• Draft a Contract of Sale: In Victoria, there are two main types of contracts for selling residential property: a standard contract of sale and an auction contract. Your contract should clearly list the property details, names of the vendor and purchaser, details of their lawyers or conveyancers, and the agreed-upon purchase price. To ensure your contract meets all legal requirements, getting professional advice from a property lawyer is recommended.
  • Understand the Binding Nature of the Contract: Once both you (the vendor) and the purchaser sign the contract of sale, it becomes legally binding. The buyer is typically required to pay a deposit, usually 10% of the purchase price (though this can be negotiated), upon signing.
  • Know Your Rights if the Buyer Defaults: If the buyer defaults on the contract of sale, especially after the cooling-off period, you might be entitled to terminate the contract and keep the deposit. However, the specifics can vary based on the contract terms.

Remember, each step in selling your property is crucial, and getting the right legal advice can make the process smoother and protect your interests.

Ready to Sell? Settled Is Here to Help

Ready to sell your property but feeling a bit overwhelmed? You’re not alone. It’s a big step, filled with important decisions about what stays, what goes, and how to manage the whole process. 

That’s where Settled.com.au comes in. Our team of experienced professionals is here to guide you through every stage of selling your home. 

So why worry about the details? Reach out to Settled.com.au and let us take the hassle out of selling your home. With our expertise, you can look forward to a successful sale and the exciting next chapter in your life.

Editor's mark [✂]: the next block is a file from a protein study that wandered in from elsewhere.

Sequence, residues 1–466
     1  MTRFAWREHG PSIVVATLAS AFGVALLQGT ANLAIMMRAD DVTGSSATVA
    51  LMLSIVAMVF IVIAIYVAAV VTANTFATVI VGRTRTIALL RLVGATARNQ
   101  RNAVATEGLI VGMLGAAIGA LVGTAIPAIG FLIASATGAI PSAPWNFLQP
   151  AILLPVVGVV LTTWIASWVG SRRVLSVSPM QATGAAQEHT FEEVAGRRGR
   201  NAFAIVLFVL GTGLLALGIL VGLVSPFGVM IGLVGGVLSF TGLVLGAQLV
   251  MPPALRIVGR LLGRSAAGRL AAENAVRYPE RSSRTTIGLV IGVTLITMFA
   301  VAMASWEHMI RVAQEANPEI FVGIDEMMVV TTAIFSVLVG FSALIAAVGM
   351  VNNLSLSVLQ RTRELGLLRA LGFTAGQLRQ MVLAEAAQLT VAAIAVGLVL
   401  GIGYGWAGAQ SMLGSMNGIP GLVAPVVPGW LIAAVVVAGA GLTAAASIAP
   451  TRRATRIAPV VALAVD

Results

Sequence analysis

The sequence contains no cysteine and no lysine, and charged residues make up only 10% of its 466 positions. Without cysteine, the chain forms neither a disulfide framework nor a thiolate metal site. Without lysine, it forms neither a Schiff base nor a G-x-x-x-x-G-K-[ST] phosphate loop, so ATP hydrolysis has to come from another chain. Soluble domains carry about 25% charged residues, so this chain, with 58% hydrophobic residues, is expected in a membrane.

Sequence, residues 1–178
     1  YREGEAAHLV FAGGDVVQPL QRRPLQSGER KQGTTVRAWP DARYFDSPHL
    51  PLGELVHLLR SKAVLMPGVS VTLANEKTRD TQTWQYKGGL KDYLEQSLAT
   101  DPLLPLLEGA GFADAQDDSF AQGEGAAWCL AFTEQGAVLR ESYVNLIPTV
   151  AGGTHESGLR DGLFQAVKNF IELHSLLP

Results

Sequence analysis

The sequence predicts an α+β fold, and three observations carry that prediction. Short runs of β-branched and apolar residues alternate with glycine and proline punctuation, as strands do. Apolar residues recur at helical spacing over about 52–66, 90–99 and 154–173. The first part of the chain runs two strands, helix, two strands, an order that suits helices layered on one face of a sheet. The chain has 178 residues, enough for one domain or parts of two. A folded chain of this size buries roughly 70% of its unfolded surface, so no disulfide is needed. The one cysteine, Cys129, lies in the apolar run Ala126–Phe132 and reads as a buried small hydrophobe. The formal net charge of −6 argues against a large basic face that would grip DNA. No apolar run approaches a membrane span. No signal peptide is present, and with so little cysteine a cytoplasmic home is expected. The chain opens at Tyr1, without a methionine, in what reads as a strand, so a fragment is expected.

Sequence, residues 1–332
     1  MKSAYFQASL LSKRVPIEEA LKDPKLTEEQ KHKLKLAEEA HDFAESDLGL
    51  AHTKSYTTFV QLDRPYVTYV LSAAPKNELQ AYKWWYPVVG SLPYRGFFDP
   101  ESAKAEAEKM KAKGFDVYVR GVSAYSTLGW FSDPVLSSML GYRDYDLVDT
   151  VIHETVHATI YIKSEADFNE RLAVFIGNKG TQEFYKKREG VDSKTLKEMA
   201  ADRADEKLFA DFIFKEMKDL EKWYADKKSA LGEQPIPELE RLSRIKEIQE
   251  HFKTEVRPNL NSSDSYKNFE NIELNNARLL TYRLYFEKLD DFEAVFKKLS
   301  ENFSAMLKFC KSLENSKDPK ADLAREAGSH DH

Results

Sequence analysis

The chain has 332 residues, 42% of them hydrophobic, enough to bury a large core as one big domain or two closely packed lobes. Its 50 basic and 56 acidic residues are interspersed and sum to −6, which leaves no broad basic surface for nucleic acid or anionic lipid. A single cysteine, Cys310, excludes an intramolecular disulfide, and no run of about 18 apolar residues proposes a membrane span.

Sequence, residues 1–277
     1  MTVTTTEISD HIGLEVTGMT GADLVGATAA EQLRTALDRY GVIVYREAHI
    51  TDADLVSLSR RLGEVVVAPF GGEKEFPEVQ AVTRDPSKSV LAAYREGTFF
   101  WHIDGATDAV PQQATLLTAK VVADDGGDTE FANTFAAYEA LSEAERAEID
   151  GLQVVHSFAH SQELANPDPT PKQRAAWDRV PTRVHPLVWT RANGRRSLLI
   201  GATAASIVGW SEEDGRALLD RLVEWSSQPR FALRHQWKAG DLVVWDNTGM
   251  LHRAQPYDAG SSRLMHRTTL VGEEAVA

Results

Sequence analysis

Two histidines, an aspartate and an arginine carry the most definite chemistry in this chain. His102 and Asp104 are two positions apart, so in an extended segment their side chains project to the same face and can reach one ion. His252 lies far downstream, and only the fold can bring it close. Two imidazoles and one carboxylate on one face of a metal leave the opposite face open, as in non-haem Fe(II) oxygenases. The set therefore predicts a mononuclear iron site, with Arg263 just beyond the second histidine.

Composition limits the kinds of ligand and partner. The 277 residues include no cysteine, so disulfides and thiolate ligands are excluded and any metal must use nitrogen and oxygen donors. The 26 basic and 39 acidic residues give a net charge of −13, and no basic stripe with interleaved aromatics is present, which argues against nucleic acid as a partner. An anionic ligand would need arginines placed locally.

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Home Seller’s Rights FAQs

Can you pull out of a house sale before settlement?

In Victoria, pulling out of a house sale before settlement as a seller is generally not straightforward. Once the contract of sale is signed, it becomes legally binding. If a seller decides to back out, they could face legal and financial repercussions. This could include being sued for damages by the buyer or forfeiting the deposit they received. However, specific circumstances, like certain conditions in the contract, might allow for withdrawal. It’s crucial to seek legal advice before making such a decision.

What happens to the deposit if a sale falls through?

If a property sale falls through in Victoria, what happens to the deposit depends on the reason for the sale’s failure. If the buyer defaults (for instance, by failing to secure financing), the seller may be entitled to keep the deposit. However, if the seller is at fault or both parties mutually agree to end the contract, the deposit is typically returned to the buyer. The exact outcome can depend on the terms of the contract and the specific circumstances.

Do you lose your deposit if finance falls through in Victoria?

In Victoria, if a buyer cannot secure finance and the contract includes a ‘subject to finance’ clause, the buyer may be able to withdraw from the sale without losing their deposit. This clause allows the buyer to terminate the contract if they are unable to obtain a loan by a specified date. However, if no such clause exists, or the buyer fails to adhere to the conditions of the clause (like applying for the loan in a timely manner), they risk losing their deposit. Again, specific contract terms and circumstances will dictate the outcome.

How long is the cooling off period in Victoria? 

Private sales of residential and small rural properties come with a cooling-off period lasting three full business days.